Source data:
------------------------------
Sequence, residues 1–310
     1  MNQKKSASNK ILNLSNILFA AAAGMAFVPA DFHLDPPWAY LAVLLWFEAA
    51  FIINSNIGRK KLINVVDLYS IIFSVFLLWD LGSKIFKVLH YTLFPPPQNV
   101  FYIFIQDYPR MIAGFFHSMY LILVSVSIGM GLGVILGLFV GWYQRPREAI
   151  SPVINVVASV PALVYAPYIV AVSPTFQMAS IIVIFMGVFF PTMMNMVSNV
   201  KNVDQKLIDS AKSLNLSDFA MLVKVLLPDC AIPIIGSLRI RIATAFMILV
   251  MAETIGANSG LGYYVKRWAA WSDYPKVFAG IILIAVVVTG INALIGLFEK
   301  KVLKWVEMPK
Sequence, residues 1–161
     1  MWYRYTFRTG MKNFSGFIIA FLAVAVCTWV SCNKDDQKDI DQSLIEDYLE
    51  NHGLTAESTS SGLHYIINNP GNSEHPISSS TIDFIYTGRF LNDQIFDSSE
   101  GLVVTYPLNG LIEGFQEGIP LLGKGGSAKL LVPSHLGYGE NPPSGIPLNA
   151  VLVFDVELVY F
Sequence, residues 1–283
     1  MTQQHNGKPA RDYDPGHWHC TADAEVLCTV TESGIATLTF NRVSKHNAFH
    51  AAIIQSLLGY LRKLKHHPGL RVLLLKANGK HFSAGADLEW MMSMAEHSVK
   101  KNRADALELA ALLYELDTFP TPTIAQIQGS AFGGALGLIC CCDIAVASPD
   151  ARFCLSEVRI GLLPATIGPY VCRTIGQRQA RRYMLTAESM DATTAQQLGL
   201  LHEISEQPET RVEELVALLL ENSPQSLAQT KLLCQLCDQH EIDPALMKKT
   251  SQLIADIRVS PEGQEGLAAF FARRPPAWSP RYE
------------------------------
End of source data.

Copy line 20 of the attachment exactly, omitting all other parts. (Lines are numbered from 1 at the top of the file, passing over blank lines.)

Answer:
   251  SQLIADIRVS PEGQEGLAAF FARRPPAWSP RYE